Many of my clients invest with investment partners these days. Some of them are passive partners, providing funds to fund the investment, while others are active investors, doing everything else in the business venture.
There’re three common business models an investor can follow when it comes down to investing with an investment partner.
1. Joint ventures
According to Thomson Reuters Practical Law, “joint venture has no legal meaning in Canada. It represents a business model that multiple parties pool resources and share expertise for the purposes of a common venture.”
In real estate investment world, joint ventures are often formed by multiple parties with the objective of investing in properties.
Flexibility of structuring
From a tax perspective, joint venture provides a lot of tax benefits. It allows the participating investors to select the type of ownership that they prefer.
For example, two real estate investors are interested in investing a legal duplex in Hamilton.
One is a doctor who’s extremely busy with her day-to-day schedule. She intends to use her corporate structure to invest.
Another one is a real estate expert who just quits his job. Given his circumstances, his accountant advises him to invest in his personal name.
Her corporation can form a joint venture with his personal name to invest in the legal duplex in Hamilton.
A corporation and a person can form a joint venture to invest in properties.
A real estate investor can form a joint venture with another investor personally.
3 parties can also form joint venture together.
The possibility is endless.
Flow through nature
Each joint venture part is responsible for reporting his/her share of income, expenses, assets and liabilities of the joint venture.
If you invest in the joint venture using a corporation, this may include reporting your proportional assets and liabilities and share and expenses on the corporation.
If you have multiple joint venture investments, reporting of these joint ventures can be quite complicated and record keeping can be quite challenging.
One of the biggest benefits of joint venture business model is that each joint venture is allowed to deduct depreciation, also known as capital cost allowance, based on his/her own situation.
If these partners were to invest in the form of corporation or partnership, capital cost allowance is restricted at the corporation/partnership level.
Joint venture agreement
I can’t stress how important it is to have a proper joint venture agreement drafted and signed.
It specifies the roles and responsibilities of each investment partners, how you divide up the day-to-day profit, funds from refinancing and at sale, the investment horizon, conflict resolution, etc.
It even talks about what would happen if one partner passes away to protect the estate.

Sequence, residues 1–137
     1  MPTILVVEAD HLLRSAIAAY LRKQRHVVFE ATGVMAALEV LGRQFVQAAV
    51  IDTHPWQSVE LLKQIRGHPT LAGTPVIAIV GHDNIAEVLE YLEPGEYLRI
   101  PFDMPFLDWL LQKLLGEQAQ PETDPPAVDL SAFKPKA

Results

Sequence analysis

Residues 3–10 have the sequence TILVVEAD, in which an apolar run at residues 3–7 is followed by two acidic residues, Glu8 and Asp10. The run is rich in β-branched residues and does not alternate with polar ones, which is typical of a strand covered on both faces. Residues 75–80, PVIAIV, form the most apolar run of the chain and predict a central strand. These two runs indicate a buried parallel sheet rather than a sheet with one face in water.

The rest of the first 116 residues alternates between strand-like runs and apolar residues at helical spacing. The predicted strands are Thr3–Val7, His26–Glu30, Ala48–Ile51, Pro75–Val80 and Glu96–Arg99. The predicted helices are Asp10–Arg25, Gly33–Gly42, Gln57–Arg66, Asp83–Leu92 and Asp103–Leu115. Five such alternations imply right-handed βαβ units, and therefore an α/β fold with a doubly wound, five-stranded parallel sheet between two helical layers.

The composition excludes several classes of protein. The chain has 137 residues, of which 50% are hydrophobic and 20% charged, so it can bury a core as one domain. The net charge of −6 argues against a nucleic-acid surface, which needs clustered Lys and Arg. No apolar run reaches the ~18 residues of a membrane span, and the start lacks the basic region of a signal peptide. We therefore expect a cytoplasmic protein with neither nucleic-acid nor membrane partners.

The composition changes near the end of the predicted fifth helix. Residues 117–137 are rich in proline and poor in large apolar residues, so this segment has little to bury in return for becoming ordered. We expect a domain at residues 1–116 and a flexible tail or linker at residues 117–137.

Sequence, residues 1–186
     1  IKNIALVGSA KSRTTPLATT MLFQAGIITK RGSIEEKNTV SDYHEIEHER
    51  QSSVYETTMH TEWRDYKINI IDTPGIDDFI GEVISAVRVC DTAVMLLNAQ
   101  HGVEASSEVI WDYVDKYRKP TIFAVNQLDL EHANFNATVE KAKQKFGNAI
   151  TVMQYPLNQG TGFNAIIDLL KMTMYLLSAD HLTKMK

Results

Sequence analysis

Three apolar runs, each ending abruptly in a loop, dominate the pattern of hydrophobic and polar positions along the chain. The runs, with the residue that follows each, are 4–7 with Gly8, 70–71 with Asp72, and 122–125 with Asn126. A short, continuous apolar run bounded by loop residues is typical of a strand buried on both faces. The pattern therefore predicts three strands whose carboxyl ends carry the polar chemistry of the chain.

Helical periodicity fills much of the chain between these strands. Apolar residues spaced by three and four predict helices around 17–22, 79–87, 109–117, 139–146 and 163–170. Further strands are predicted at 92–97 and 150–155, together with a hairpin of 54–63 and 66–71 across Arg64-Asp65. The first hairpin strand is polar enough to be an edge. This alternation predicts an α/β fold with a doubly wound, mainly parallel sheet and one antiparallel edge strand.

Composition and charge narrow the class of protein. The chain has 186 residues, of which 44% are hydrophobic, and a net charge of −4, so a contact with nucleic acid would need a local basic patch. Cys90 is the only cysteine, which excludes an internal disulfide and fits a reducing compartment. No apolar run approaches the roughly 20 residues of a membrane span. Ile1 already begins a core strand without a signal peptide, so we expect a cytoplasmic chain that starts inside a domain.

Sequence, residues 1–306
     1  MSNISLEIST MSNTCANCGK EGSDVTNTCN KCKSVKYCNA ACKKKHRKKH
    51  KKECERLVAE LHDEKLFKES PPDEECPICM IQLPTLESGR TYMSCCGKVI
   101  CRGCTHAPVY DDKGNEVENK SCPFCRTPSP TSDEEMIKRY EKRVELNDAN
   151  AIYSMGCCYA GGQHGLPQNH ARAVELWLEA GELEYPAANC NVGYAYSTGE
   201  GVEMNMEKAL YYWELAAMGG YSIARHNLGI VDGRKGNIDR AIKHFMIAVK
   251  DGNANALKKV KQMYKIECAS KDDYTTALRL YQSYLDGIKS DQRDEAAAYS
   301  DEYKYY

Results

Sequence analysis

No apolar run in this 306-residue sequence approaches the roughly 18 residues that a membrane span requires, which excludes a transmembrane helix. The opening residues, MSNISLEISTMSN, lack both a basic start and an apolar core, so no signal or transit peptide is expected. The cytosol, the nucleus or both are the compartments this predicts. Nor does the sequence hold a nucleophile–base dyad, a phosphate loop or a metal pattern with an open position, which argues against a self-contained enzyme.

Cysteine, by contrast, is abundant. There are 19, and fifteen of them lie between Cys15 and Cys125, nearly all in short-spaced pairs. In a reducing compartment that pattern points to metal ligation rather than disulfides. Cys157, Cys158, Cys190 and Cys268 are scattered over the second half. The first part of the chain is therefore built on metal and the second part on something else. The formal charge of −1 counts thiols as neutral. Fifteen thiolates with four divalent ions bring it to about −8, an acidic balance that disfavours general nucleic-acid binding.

Make sure you speak to a real estate lawyer to draft up a proper joint venture agreement.
Just because you invest with a friend or family member whom you trust, it does not mean that there’re no issues down the road.
Corporation is another commonly used structure that investors use to invest together.
Each investor owns shares of the corporation, which in turns own properties.
The biggest benefit of investing with your partners via corporation is the legal liability protection.
Corporation is considered a separate legal entity. It can sue and be sued on its own.
Generally speaking, you can have legal liability protection against your personal asset if, in the unfortunate event that your corporation is sued by a patron or a tenant.
This is the major difference between Joint Venture business model vs. corporation.
If you were to invest using JV model, exposure to liability also “flow through” to the JV investment partners. You might be exposing either all of your personal assets or corporate assets to this joint venture investment.
Ease of record keeping
Another benefit of investing through a corporate structure is the ease of record keeping.
Since the property is 100% owned by the corporation, 100% of the income & expenses, assets and liabilities are reported within the same entity, avoiding any complex proportional interest calculation.
Losses and depreciation are kept at the corporation level – no flow through
From my experience, most long-term rental real estate venture does not generate much profit in the first year. Often, we see losses in the first couple of years of stabilization.
Losses incurred from the operation of the real estate rental are staying at the corporation level.
Similarly, the depreciation, also known as Capital Cost Allowance, is claimed at the corporation level.
Had you set up a joint venture, you would have been able to utilize your proportional share of losses incurred during the stabilization period as well as the capital cost allowance to offset against income from other properties.